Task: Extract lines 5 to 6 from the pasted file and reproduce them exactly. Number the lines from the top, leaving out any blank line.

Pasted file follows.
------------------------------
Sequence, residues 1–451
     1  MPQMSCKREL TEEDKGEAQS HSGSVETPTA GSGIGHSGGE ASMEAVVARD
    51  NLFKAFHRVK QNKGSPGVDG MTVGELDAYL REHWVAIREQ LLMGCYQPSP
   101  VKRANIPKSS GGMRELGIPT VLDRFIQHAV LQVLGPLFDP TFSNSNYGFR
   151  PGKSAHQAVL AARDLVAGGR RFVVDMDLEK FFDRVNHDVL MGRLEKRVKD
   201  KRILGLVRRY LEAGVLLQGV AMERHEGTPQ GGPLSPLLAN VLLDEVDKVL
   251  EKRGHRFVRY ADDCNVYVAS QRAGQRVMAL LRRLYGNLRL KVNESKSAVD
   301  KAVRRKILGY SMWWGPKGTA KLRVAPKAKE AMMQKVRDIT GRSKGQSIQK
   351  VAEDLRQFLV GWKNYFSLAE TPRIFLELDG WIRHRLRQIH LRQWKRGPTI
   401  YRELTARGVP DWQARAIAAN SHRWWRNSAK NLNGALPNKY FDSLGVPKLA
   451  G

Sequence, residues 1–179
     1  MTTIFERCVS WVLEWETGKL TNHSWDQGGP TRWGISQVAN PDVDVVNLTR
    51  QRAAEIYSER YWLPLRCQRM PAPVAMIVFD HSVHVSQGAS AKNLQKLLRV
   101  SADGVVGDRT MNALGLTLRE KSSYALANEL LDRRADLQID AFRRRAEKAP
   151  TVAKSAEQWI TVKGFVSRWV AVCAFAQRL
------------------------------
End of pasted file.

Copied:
   151  PGKSAHQAVL AARDLVAGGR RFVVDMDLEK FFDRVNHDVL MGRLEKRVKD
   201  KRILGLVRRY LEAGVLLQGV AMERHEGTPQ GGPLSPLLAN VLLDEVDKVL